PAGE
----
BSA Plant Images Online - Pollen Germination and Tube Growth in the Snow Buttercup, Ranunculus adoneus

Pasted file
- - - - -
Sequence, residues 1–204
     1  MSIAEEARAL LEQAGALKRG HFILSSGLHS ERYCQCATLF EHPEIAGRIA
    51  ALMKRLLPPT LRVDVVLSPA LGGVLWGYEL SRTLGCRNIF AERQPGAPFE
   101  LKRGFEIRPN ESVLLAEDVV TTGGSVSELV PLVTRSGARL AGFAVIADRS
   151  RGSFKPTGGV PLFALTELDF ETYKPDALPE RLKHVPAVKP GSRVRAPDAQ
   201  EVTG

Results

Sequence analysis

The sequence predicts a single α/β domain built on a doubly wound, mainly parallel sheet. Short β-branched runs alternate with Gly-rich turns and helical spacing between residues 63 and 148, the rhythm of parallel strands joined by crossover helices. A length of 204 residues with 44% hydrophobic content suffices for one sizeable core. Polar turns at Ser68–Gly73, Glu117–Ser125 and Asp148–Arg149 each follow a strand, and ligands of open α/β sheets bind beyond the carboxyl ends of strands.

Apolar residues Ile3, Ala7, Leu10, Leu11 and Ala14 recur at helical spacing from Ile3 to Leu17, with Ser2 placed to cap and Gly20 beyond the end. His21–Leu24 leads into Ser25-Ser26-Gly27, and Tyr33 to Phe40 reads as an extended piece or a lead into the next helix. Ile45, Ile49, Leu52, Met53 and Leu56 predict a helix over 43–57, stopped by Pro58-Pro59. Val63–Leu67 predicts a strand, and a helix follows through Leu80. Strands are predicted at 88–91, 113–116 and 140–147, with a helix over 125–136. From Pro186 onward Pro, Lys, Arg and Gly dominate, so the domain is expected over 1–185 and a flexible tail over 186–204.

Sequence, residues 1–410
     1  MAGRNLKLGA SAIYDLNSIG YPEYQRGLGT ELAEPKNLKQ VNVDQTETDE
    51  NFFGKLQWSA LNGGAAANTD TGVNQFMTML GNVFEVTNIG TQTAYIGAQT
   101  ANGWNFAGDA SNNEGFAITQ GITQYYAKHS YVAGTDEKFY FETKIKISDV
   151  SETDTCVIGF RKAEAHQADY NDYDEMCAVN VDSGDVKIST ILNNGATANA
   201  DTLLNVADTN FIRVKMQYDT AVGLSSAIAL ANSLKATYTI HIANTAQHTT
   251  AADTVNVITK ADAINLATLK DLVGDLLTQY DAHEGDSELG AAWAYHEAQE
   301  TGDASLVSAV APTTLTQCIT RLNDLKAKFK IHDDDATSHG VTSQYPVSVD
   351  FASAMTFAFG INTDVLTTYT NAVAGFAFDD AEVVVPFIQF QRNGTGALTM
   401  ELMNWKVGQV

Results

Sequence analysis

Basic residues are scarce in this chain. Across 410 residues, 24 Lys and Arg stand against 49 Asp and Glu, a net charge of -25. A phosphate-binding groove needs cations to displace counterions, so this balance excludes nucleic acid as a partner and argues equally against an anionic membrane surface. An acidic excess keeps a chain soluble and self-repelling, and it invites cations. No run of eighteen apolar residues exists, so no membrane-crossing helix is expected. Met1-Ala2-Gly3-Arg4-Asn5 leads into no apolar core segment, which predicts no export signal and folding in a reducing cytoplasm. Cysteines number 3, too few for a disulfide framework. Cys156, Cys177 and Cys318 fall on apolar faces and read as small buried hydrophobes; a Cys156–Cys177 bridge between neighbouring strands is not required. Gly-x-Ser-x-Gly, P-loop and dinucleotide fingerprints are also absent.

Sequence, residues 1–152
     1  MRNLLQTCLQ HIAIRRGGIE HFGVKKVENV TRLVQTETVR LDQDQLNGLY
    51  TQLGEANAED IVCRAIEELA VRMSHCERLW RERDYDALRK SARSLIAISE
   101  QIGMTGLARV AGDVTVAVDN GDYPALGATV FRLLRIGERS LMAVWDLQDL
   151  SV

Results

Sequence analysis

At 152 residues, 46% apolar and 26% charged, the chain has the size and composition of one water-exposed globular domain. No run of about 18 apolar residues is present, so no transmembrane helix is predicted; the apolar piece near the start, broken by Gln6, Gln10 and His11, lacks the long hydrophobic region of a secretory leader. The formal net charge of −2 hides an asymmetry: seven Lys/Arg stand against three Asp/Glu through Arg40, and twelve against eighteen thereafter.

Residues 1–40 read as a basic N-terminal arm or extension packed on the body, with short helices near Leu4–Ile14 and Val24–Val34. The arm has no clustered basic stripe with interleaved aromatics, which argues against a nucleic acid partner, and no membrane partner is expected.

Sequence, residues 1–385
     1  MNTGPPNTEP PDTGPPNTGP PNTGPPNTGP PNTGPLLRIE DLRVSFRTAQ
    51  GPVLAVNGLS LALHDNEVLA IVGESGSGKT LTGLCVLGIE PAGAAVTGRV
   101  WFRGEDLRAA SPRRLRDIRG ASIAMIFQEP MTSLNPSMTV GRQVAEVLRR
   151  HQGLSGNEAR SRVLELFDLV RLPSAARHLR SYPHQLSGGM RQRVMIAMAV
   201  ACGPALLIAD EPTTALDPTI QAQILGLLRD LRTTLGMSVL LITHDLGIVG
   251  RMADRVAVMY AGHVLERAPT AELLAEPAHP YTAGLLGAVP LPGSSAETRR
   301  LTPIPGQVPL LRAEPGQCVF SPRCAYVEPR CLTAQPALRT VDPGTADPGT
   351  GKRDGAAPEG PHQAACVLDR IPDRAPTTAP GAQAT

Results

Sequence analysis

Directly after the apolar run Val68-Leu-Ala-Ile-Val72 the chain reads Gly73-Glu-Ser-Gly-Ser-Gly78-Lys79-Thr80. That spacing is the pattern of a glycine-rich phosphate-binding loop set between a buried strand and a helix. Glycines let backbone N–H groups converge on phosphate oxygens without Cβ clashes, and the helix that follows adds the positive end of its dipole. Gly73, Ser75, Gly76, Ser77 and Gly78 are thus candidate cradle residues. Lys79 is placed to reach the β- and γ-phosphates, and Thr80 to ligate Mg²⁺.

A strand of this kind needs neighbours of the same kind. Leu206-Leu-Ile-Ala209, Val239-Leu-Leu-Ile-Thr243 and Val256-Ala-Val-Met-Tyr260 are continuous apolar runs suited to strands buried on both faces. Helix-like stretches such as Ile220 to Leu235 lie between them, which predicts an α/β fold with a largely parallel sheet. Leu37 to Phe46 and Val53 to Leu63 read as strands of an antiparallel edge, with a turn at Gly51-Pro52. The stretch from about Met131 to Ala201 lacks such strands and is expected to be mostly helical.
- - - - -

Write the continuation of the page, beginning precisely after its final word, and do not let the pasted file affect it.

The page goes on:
Cross section through the dehisced anther of Xylopia collina of the pawpaw family (Annonaceae). Species of the genus Xylopia, as well as other members of this family, produce large pollen that is shed in units of four or sometimes even 32 grains (some tetrads visible in illustration). Associated with these compound pollen units in most genera are layers of sterile tissue, called septa, that separate the grains into chambers within each anther. Tsou and Johnson investigated the variation and development of the septa of Annonaceae, and found that despite variability in appearance, the septal tissues of all species were formed by the same developmental pathway. They propose that these tissues may have evolved in Annonaceae in response to a requirement for extra nutrients and support tissues for large pollen units.
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